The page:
3. When a person thinks he knows exactly what role a nation is going to play in God’s battle plan, which must all take place within the next 15 years (cf. p. 54), then he tends to think less responsibly as a citizen who is to pray for all rulers (1 Timothy 2:2) and seek peace with all men (Romans 12:18). He loses interest in such things as trade agreements, arms talks, currency stability, world food problems, etc.

In short, the effort to combat injustice and suffering in the world seems nonsense since we know what the fate of most nations will be anyway and that it all must happen very soon. This is, in part, the result of closing a chapter with the empty and misleading admonition: “We should be living like persons who don’t expect to be around much longer” (p. 145).

It is sadly ironic that the predictions of the prophets thus have the effect of nullifying the great commands of the prophets: to “do justice and love kindness and walk humbly with your God” (Micah 6:8); “to hate evil, love good and establish justice in the gate” (Amos 5:15); “to hold fast to love and justice and wait continually for your God” (Hosea 12:6); “to cease to do evil, to learn to do good, seek justice, correct oppression, defend the fatherless, plead for the widow” (Isaiah 1:16-17).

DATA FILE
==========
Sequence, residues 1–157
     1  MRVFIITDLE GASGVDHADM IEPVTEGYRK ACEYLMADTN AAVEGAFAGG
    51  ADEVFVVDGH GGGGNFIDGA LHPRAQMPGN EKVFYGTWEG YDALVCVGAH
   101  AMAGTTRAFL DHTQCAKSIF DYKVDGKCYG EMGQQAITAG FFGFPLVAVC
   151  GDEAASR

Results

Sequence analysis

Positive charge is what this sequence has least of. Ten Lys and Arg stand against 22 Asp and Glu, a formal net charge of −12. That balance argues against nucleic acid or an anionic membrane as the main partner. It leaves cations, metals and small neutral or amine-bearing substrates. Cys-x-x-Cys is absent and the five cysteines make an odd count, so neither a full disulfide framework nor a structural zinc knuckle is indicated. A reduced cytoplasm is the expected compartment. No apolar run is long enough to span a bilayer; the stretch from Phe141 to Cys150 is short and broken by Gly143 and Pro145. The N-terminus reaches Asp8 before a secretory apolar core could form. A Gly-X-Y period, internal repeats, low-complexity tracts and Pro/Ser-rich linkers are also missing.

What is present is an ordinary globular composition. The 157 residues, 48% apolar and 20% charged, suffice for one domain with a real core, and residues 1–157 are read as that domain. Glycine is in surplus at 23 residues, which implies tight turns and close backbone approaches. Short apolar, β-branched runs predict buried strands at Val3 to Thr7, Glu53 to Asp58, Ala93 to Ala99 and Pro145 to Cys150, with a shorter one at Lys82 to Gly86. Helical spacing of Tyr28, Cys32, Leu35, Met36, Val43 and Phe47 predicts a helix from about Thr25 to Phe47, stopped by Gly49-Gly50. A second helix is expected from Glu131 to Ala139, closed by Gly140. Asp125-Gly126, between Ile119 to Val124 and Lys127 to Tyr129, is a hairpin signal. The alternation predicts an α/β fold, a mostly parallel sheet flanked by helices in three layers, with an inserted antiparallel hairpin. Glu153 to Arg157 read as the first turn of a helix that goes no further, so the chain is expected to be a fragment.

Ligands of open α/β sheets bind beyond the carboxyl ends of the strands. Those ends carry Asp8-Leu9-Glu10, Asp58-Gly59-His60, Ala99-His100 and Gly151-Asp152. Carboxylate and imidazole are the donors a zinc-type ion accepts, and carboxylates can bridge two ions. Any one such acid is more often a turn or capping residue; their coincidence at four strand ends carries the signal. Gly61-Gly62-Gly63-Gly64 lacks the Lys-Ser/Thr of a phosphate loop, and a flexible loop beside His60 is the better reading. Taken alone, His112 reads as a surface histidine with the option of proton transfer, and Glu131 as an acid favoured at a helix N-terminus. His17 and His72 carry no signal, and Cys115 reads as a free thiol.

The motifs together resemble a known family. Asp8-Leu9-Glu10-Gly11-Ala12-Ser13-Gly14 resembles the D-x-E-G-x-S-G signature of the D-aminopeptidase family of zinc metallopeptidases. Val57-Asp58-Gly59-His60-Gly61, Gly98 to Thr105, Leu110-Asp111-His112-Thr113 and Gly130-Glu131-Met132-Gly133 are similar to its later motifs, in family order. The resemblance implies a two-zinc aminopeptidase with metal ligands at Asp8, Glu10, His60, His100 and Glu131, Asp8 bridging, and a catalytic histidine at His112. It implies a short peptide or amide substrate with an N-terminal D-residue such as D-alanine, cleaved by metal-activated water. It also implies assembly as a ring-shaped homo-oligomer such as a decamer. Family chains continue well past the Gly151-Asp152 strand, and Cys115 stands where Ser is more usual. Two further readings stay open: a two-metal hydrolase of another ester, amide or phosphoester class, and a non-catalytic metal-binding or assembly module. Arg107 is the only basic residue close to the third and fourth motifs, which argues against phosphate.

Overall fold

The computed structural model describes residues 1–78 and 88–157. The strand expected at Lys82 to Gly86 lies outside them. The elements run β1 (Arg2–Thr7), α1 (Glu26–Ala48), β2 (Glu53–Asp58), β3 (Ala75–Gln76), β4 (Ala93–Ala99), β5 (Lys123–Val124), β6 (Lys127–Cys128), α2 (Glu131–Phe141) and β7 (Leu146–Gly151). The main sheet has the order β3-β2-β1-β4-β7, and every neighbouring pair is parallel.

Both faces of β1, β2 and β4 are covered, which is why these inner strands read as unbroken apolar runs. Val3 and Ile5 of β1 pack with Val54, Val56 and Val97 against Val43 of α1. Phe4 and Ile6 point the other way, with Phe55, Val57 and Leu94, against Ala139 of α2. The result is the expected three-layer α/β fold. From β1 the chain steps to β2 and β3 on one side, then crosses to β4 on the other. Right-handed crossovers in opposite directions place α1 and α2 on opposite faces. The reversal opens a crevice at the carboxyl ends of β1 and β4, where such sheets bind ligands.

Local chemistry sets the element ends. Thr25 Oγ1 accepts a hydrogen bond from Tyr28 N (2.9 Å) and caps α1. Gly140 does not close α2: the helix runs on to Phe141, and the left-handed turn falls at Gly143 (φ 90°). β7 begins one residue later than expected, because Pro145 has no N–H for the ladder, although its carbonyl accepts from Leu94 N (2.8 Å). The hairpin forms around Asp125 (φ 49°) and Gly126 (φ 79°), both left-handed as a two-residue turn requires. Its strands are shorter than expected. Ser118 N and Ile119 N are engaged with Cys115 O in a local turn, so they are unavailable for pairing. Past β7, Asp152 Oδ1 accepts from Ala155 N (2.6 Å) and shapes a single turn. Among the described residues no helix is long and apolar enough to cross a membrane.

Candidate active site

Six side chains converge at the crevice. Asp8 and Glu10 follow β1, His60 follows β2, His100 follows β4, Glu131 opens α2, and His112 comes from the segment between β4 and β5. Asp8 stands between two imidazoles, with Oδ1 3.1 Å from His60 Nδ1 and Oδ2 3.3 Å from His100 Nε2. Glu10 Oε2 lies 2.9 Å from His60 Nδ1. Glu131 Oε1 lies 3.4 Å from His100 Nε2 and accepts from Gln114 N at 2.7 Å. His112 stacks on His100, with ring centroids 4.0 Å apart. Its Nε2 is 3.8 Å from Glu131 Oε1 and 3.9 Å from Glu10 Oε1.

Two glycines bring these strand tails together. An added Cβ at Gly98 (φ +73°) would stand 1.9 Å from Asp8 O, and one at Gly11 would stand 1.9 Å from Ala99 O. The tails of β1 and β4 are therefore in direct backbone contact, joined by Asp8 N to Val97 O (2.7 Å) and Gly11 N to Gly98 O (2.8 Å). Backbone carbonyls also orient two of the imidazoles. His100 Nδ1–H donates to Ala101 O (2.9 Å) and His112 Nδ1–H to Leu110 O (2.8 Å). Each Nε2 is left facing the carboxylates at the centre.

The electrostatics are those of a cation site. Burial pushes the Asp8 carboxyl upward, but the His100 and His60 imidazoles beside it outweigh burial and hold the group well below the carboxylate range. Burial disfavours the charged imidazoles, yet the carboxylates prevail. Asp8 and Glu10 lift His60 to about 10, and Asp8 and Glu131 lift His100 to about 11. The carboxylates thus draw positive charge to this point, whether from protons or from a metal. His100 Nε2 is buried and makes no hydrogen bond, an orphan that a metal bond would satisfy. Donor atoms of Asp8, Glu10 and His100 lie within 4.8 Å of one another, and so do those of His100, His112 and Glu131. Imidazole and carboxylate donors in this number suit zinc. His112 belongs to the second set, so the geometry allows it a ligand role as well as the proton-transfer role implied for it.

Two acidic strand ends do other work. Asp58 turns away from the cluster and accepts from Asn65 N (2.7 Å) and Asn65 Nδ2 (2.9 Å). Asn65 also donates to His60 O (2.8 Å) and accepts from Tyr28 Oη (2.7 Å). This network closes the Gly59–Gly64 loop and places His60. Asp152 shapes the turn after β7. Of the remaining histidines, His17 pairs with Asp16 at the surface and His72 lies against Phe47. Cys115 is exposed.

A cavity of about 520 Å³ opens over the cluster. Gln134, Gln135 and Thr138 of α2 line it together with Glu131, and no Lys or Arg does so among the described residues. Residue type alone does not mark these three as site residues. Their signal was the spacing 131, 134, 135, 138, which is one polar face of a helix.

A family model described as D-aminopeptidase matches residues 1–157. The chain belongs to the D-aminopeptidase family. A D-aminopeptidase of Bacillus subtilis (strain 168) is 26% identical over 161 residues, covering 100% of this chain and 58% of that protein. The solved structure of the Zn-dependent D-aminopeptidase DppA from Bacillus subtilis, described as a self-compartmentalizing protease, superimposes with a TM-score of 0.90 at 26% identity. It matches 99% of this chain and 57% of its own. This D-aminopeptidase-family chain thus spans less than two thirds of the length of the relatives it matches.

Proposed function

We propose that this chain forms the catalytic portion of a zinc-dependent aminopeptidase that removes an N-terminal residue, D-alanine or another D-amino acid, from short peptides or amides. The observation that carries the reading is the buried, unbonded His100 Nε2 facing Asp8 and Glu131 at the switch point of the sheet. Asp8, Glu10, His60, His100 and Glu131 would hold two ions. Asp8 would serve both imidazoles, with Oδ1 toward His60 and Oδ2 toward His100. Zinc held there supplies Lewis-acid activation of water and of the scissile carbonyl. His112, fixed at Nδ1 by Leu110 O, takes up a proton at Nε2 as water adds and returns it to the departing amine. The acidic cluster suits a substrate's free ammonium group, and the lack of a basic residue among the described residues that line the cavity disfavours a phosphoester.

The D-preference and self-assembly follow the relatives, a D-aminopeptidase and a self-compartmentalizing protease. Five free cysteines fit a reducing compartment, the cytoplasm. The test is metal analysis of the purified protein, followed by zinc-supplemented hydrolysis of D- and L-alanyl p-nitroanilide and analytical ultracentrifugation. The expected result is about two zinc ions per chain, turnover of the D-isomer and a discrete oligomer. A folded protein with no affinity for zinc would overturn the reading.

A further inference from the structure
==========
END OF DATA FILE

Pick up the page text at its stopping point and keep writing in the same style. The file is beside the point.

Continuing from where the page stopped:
I know Lindsay’s book has this effect because I met a hippie-type fellow and his wife passing through Munich on their way from Kansas City to Israel as missionaries who told me how they had been captivated by this kind of calculation of the future, but later were so convicted about their attitude toward the powers of the world that they had to confess their sin and ask for repentance.

4. This is the most important: among those who calculate about the time and sequence of the coming events and who try to give detailed descriptions of how it will be, there is, I think, a fundamentally wrong focus, a dislocation of our “blessed hope.” Throughout the New Testament the all-important focus of our hope is personal fellowship with God and our Lord Jesus Christ (Revelation 21:3; 1 Peter 5:9; 1 Thessalonians 4:17; Philippians 1:23; John 14:3).

The hope of the Christian springs from an intense love of his God and Savior (1 Peter 1:9) so that he says with the psalmist, “Whom have I in heaven but thee? And there is nothing on earth that I desire besides thee. My flesh and my heart may fail, but God is the strength of my heart and my portion forever” (Psalm 73:25-26).